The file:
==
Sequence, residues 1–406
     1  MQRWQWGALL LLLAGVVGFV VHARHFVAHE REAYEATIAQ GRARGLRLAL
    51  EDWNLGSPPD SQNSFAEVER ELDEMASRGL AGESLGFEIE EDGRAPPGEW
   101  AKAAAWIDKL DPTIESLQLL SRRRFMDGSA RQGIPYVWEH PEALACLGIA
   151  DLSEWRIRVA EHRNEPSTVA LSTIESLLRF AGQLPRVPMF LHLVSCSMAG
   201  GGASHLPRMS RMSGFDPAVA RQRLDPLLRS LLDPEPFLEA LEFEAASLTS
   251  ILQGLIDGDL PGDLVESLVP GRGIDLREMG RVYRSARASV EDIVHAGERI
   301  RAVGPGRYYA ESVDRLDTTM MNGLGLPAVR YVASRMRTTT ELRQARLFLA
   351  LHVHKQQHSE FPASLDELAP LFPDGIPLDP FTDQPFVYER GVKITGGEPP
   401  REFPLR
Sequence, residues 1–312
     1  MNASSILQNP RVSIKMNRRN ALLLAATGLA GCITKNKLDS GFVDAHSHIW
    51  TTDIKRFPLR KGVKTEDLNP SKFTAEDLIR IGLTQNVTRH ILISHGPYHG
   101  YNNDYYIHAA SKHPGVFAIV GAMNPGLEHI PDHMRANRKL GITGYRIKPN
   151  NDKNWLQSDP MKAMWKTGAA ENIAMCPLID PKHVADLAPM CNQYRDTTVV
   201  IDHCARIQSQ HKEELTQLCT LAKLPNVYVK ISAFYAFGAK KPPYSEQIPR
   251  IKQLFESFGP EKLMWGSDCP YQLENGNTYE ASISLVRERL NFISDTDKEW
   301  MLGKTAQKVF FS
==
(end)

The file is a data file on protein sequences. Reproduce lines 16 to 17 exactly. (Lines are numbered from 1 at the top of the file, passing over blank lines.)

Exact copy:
   201  IDHCARIQSQ HKEELTQLCT LAKLPNVYVK ISAFYAFGAK KPPYSEQIPR
   251  IKQLFESFGP EKLMWGSDCP YQLENGNTYE ASISLVRERL NFISDTDKEW